Warner/Chappell music makes millions of dollars every year from its licensing of "Happy Birthday To You," a song whose origin remains kind of fuzzy no matter how deeply you dig. But maybe not much longer: Good Morning to You Productions, which is currently working on a film about the whole mess, has filed suit against Warner/Chappell, asking them to acknowledge that their supposed copyright on the song is nonsense, and demanding it pay back the millions in royalties it's collected for so long now.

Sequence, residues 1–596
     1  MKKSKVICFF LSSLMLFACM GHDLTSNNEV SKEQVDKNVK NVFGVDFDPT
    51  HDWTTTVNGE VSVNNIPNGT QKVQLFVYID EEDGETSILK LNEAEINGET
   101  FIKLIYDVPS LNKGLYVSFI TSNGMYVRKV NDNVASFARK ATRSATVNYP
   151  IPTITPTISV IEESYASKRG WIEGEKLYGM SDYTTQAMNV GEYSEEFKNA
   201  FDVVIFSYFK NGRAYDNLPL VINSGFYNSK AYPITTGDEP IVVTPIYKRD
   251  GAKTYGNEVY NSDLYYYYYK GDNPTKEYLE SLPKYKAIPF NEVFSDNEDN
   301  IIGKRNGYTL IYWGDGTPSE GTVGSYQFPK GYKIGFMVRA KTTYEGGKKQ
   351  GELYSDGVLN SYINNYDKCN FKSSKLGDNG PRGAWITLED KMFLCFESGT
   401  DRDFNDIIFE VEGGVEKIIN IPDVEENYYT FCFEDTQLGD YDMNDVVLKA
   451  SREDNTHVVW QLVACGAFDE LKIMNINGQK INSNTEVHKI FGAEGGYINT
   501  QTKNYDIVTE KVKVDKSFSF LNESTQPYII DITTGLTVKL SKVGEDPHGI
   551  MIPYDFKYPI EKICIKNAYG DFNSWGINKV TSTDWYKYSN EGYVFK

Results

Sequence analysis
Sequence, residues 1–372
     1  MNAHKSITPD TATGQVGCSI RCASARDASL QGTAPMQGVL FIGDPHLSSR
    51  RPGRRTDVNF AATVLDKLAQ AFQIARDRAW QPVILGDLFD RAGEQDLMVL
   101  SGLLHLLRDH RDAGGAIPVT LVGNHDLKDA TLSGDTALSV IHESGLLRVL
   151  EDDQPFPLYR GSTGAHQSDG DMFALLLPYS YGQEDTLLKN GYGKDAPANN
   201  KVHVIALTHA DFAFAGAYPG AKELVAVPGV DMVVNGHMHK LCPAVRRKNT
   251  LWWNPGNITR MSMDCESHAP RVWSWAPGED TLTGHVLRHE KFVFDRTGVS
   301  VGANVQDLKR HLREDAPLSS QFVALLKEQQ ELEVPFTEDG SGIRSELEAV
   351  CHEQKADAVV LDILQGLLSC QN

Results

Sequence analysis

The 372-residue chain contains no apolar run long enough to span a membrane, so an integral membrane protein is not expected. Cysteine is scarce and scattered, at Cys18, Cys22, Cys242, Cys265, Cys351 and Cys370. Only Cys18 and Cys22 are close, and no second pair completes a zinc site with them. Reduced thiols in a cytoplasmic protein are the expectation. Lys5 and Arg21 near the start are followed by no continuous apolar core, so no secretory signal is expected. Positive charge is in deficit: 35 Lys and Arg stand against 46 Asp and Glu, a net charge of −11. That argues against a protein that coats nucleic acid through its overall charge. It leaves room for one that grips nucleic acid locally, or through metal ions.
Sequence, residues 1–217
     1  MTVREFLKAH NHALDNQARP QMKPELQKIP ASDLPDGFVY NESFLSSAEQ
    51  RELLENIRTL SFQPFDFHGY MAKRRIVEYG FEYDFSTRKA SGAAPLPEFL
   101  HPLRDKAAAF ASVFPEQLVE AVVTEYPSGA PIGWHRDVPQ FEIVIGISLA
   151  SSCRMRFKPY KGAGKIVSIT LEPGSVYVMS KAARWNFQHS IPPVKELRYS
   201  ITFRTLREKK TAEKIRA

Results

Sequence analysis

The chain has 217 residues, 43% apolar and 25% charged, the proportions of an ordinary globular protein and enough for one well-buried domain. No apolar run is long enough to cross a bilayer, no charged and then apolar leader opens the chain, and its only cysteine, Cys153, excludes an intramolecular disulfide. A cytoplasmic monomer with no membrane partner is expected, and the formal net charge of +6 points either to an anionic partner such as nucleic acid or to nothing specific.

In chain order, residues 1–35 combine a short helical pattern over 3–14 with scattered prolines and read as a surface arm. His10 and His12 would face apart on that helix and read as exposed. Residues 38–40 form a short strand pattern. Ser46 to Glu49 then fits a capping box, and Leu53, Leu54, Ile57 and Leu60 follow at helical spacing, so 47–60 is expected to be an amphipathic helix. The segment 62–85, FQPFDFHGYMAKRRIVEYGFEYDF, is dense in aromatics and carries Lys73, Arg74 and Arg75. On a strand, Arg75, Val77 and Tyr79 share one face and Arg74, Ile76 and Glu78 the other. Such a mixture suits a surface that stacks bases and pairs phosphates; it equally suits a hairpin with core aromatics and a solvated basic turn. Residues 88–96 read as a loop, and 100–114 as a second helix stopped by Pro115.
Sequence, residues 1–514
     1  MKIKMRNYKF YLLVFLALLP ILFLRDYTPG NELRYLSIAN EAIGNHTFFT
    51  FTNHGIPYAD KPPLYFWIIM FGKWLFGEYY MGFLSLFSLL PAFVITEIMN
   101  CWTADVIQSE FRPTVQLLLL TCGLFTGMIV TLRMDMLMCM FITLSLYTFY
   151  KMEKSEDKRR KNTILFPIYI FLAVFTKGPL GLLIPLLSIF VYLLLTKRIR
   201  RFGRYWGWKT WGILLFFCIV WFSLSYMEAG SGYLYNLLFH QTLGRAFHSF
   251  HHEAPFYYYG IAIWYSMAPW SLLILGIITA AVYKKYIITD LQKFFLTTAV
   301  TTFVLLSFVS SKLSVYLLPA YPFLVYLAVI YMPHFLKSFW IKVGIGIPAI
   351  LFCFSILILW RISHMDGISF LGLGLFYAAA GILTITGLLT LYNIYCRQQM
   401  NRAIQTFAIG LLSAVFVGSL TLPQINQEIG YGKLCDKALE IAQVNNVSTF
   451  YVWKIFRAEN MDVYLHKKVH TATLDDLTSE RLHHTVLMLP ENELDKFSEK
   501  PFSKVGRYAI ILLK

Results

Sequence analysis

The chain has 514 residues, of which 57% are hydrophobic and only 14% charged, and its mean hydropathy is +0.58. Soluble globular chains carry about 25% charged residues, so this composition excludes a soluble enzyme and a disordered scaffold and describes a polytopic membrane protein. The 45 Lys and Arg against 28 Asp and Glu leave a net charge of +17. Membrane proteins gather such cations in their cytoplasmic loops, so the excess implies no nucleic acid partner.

The whole story, along with a transcript of the very thorough lawsuit, is over on Techdirt. But the short version is that there have been multiple incarnations of "Happy Birthday" over the years, with different people claiming ownership of the melody and lyrics. Further complicating matters is that sisters Patty and Mildred Hill, who created the original "Good Morning To All" song that forms its basis, are believed to have simply borrowed from other popular tunes of the day. And, as the lawsuit spells out, whatever copyrights Warner/Chappell—or anyone else—may claims to have, they should have all expired long ago and allowed the song to pass into public domain. If the lawsuit proves successful, no one will ever have to substitute their own, copyright-free versions of "Happy Birthday" again, and we can avoid any more moments like this:
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